Election strategist Prashant Kishore on Sunday said he would not campaign for anyone in the 2019 elections as he wants to go back to the grassroots.
He said he had worked enough with the leaders and would now like to go to grassroots and work with people. He also denied media reports that he is joining politics.
Interacting with students of Indian School of Business (ISB) Hyderabad on Sunday night, he said for last two years he wanted to leave this domain but wanted to leave his organisation Indian Political Action Committee (IPAC) in safe hands before taking the decision.
“Frankly if you want to believe me, I really don’t know…,” he said when moderator Sankarshan Thakur, a senior journalist, asked him as to whom he would be working for in 2019.
“I can say that,” when asked if he would not be available to political parties in the election backrooms. “In 2019, you would not see Prashant Kishore campaigning for anyone in the manner and form in which I have been campaigning in last 4-5 years,” said Prashant, who was speaking publicly for the first time in last 5 years.
He hastened to add that as individual he would not campaigning the same way he had done in last 4-5 years but Indian Political Action Committee (IPAC) will continue as an organization which, he said, had become about 20 times bigger than what it was in 2015.
The 41-year-old former UN official said he want to go back to grassroots either in Gujarat or Bihar. He, however, did not elaborate.
Prashant, who formulated election strategy for Prime Minister Modi in the 2014 elections, said he never met Modi after he left Prime Minister’s Office in March 2015 till last year when the Prime Minister called him when his mother was on deathbed.
Since then he had been meeting and talking to Modi. He, however, ruled out working with him again.
Prashant, who also worked with Bihar Chief Minister Nitish Kumar and Congress party, said after Uttar Pradesh elections he took up the assignment with YSR Congress party’s Y.S. Jaganmohan Reddy as he had made a commitment earlier.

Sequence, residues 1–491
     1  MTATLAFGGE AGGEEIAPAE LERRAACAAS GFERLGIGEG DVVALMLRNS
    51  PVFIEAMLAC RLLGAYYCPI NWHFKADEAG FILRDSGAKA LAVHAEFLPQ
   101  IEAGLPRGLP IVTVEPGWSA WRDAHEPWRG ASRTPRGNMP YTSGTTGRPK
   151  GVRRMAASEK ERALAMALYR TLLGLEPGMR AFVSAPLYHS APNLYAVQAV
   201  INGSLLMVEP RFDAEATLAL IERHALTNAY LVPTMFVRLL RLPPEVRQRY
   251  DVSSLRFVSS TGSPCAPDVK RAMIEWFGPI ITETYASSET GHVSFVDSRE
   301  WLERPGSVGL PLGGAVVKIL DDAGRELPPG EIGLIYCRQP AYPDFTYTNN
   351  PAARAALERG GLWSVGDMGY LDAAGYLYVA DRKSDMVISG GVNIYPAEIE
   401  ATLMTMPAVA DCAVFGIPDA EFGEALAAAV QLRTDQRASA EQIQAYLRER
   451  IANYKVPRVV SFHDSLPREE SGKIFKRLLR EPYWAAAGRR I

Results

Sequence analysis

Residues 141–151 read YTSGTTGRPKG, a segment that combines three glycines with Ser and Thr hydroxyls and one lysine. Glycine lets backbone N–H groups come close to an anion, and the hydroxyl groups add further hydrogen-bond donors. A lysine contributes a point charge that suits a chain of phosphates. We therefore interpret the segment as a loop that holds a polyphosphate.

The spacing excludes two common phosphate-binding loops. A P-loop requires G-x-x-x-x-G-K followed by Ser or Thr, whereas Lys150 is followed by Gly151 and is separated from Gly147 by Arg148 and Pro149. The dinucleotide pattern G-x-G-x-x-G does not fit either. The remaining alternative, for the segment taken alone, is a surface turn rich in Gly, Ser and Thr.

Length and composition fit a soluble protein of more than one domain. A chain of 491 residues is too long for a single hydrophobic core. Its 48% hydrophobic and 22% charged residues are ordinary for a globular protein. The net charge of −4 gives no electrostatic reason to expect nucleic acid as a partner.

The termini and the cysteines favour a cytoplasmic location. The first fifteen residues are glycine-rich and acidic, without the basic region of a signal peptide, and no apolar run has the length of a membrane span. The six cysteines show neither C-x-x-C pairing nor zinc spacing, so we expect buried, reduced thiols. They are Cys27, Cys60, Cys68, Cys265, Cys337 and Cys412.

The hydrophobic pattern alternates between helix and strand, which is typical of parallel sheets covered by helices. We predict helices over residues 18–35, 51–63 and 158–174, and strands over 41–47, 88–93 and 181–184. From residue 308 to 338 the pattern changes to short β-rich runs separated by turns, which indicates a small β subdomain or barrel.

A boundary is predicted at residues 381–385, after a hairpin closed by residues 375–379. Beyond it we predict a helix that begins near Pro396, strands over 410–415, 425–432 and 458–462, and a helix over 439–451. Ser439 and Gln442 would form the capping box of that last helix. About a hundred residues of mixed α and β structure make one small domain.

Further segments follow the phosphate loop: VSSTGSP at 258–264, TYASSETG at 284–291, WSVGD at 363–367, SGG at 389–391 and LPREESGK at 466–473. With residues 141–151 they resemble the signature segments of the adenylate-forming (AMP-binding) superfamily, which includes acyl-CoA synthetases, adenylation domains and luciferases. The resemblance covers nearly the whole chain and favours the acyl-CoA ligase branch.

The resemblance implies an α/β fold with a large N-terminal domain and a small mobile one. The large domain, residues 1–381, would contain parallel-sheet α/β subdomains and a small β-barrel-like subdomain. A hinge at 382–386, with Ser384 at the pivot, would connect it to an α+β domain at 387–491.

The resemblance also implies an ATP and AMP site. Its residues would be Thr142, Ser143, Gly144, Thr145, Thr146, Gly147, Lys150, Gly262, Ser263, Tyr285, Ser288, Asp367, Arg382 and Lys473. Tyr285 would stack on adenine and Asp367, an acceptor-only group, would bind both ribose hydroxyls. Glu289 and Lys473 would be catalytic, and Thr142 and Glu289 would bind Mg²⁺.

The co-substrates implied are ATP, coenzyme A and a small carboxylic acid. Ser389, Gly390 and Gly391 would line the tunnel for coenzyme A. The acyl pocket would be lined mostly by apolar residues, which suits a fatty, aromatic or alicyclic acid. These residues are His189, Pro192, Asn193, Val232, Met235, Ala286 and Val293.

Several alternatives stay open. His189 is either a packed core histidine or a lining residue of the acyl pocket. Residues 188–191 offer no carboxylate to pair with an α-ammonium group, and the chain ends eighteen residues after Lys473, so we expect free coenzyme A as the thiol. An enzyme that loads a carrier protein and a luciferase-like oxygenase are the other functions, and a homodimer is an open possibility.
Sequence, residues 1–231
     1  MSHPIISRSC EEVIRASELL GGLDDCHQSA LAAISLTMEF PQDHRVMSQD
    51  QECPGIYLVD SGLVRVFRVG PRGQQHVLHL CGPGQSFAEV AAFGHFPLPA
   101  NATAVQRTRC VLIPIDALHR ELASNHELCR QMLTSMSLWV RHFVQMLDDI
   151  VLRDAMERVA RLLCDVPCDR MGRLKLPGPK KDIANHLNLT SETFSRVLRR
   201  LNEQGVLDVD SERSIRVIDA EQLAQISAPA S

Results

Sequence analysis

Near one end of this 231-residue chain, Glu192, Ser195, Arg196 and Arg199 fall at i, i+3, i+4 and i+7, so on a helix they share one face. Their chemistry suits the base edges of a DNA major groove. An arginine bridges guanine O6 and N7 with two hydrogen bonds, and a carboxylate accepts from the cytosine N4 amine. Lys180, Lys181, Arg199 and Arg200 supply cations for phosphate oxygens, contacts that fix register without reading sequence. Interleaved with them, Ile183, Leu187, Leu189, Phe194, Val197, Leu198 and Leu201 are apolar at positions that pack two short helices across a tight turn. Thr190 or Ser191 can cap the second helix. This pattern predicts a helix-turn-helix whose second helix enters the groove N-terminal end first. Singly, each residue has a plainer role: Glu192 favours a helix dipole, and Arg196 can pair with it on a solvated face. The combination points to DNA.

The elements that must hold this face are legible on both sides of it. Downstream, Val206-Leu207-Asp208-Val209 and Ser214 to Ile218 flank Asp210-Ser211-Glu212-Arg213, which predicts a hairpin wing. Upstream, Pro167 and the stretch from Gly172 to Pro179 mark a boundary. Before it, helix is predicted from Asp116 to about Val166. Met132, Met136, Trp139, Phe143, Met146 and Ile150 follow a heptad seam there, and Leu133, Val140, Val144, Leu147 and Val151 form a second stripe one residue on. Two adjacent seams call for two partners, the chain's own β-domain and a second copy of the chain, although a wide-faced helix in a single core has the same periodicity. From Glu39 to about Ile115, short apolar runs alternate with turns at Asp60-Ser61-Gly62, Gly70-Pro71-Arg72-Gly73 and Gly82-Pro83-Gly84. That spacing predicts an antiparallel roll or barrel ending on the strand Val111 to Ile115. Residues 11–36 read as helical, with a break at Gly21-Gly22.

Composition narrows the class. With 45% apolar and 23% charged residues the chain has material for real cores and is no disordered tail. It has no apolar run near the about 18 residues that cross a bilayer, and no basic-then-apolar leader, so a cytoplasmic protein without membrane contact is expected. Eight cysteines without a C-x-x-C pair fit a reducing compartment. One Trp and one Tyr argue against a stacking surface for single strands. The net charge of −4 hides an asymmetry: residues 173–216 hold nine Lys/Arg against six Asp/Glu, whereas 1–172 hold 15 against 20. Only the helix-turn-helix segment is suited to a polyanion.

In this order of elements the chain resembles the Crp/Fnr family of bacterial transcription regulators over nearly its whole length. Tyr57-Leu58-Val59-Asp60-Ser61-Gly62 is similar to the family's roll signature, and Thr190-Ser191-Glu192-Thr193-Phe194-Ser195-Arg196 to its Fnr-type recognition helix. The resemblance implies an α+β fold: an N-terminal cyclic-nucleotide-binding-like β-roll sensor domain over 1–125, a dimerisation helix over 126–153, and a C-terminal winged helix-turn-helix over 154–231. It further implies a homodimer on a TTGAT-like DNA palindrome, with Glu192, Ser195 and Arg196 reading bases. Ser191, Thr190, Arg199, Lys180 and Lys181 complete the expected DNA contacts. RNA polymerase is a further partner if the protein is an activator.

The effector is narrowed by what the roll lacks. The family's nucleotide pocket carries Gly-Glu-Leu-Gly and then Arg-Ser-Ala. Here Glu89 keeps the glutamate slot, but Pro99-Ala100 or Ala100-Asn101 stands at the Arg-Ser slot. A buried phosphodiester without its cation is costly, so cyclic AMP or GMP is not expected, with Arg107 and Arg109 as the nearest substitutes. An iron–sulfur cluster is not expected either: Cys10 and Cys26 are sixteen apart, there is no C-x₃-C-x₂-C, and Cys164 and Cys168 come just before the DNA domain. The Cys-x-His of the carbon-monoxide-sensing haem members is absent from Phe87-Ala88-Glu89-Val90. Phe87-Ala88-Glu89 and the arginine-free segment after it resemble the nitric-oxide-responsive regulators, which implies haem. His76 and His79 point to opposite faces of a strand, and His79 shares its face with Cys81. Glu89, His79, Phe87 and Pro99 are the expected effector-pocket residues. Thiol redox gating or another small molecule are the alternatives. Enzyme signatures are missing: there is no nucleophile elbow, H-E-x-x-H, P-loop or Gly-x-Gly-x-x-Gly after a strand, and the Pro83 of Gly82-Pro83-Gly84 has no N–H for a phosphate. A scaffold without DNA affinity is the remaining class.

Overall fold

He claimed that Modi, Nitish and Amarinder Singh did not hire him and that money was the last criteria. He denied reports that he or his organization received huge money for working with different parties.
“We are not for hire. No one can hire IPAC because there is no financial involved to incentivize us to work for someone. Modi did not hire us… neither Nitish Kumar nor Amarinder Singh. Out of three, two are apparently broke. They can’t hire us,” he said.
Referring to media reports that his team got Rs 400-500 crore, he said he wished part of it was true if not for him at least for his colleagues.
“Money would have been last criteria to make us move from one side to other,” he said when asked about the journey from Modi to Nitish Kumar to Congress.
Prashant said Congress did not approach them but they wanted to work for it in Punjab to settle scores with Aam Admi Party (AAP) as the latter’s poll strategy in Delhi was termed as better than his team’s efforts in Grand Alliance’s victory in Bihar.
Prashant said even in his wildest of dreams he would not have thought of doing what he was doing for last few years. He recalled that in 2012 when he left UN and was working on malnutrition in Gujarat he met Modi.
“I used to write speeches at UN. The skill set remains [the] same. At UN, we used to use [a] lot of statistics and analytics. So the basic tools were [the] same. That’s what probably Modi had seen and felt this guy could be put to some other use,” he said.